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Monday, October 26, 2009

Inspiring Your Children to Care for the Environment


By Guest Blogger Jenni Hopkins Mowery

Jenni appeared on Fox 8 News with us this summer and showed the viewers some fantastic waste-free products for lunches. She was so knowledgeable on ways to be eco-friendly, so we asked her to share some of her Smarty Wisdom with our readers. Take notes on all these fabulous ways to bring more green ideas into your home. - Rachel H.

1 — Play in the Dirt!
There is no better way to teach children about the earth than to let them get all down and dirty in it! Plant seeds in your house this winter and transfer those plants to the ground outside when the sun comes out in spring. Put the kids in charge of seeing that the soil is healthy and the plants are getting enough sun and water. Grow flowers, grow veggies, it doesn’t matter, just grow!! Challenge yourself and your kids by growing an entire rainbow (example: red poppies, orange carrots, yellow daffodils, green hostas, blueberries, purple hydrangea).

The point is to form a connection in their mind from themselves as people to their role in nurturing and protecting what grows in and on this beautiful earth; how special it is, how vital it is to their well-being.

2 — Walk & Bike More
Broaden your children’s definition of transportation. We love our cars, yes, but think of the ways that we can get around without them! Walk to school or the bus stop; drive downtown, then park and walk to the library, the ice-cream shop and the farmer’s market. Ride bikes as a family to the neighborhood eatery for supper. Getting from point A to point B can be carbon neutral and calorie burning when we think outside the box (or car). For your kids this can mean a better sense of safety on the streets and an earlier sense of independence and pride.

3 — Create Less Waste
This is a fun and easy way for kids to learn to love their earth! Start with a trip to the landfill so they can see just how ugly and permanent throwing something in the trash is. My mother never said, “throw that away” to instill in us that nothing truly gets thrown away, it all goes somewhere, and instead she asked “are you going to put that in the landfill?” Have your kids think about what that juice box means to the beauty of the earth and empower them with a non-disposable cup! Sounds silly, but it makes a BIG difference.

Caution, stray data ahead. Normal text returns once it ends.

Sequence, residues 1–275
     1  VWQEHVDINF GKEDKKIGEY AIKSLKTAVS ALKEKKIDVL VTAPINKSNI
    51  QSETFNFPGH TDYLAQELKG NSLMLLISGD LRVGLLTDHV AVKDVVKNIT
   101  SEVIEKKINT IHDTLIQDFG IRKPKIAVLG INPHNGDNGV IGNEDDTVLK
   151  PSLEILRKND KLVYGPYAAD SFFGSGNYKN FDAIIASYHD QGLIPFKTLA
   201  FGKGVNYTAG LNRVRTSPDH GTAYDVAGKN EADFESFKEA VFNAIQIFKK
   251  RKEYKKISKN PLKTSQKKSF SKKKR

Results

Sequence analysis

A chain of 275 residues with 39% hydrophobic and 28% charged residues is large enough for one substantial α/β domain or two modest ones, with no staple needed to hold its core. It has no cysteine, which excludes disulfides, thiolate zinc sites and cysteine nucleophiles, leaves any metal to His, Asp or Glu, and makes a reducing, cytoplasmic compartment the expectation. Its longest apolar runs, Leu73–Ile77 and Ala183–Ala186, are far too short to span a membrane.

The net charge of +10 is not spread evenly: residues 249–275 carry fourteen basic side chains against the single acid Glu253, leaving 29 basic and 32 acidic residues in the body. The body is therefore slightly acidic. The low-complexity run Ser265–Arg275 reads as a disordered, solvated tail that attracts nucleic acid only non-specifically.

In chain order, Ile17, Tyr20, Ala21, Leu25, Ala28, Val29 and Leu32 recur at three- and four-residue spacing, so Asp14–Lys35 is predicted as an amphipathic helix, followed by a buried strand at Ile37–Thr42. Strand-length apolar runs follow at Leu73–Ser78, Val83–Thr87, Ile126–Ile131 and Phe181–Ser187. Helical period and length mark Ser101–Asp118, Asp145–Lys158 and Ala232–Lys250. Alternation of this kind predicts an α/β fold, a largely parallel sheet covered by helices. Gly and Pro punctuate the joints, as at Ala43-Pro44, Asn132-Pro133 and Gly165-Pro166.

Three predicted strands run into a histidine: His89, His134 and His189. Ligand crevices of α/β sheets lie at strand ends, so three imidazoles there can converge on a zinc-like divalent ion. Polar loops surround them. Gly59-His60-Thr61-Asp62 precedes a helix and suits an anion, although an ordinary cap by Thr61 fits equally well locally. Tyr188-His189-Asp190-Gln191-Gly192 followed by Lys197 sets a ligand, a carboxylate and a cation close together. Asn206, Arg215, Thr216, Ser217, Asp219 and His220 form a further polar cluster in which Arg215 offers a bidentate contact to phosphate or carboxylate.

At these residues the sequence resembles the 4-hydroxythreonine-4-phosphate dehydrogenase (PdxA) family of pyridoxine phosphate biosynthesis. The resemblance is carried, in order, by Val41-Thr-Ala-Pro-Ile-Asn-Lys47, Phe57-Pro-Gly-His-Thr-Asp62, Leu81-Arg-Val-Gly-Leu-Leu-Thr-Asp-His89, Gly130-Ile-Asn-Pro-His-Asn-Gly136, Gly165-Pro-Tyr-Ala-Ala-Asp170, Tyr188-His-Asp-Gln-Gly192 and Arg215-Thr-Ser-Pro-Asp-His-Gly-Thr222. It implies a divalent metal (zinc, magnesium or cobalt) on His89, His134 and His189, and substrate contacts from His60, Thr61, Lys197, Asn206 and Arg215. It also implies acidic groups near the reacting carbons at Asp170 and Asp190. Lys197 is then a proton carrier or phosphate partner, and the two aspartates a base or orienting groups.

Count the bags of garbage your family makes this week and then set goals for reducing that number. Let the kids join in the fun (example: decorate cloth napkins to go in lunchboxes and be used at the dinner table). The less waste we create, the cleaner our air, our water and our soil. And the more space our grandchildren will have to run and play. Those are great reasons to loosen our grip on those plastic baggies!

4 — Recycle
This tip goes hand-in-hand with #3; the best way to reduce what goes to the landfill is to recycle whatever we possibly can. Under a new law that took effect Oct. 1, North Carolina will be banning plastic containers from landfills. This includes any bottles with a neck smaller than the container itself. Aluminum cans are already on the banned list.

Getting started and making recycling a habit for your family is much easier than you think! Get two containers (1)paper and cardboard items and 2)plastics 1-7, glass, recyclable metals), put them near your main wastebin and make it a game for your kids to sort the items that can be recycled, give out prizes to the kid who identifies the most recyclable items that day. Paste or paint the three arrows symbol on a cape and voila, a recycling superhero is born!

5 — Share
One of the top lessons we hope our kids learn, sharing. There is no greener concept than this one, the truest form of recycling is reusing. As our clothes get too small, we share them with the local mission or Goodwill, as our interests change, we share those toys and books with a children’s charity. Consignment shopping, visiting the local library, and having the neighbors over for supper are all ways of broadening the meaning of sharing to a child. When a child learns that people come first, before possessions, and that we all have more when we share, we have done our job as parents.

Thank you, Jenni, for this inspiration to encourage our children to take care of our earth. Readers, share below how you encourage your family to be a little more eco-friendly!






3 comments:

jennifer said...

I really like the grow a rainbow idea. Maybe then I can actually get my son to eat a rainbow as well!

Amy said...

We have added recycling bin to the chore list for our children. We make it a game to see who can fill up the recycling bin with the most items when it is his or her week to take the bin to the curb. Works like a charm.

Catherine said...

Great post. Thanks for the ideas.

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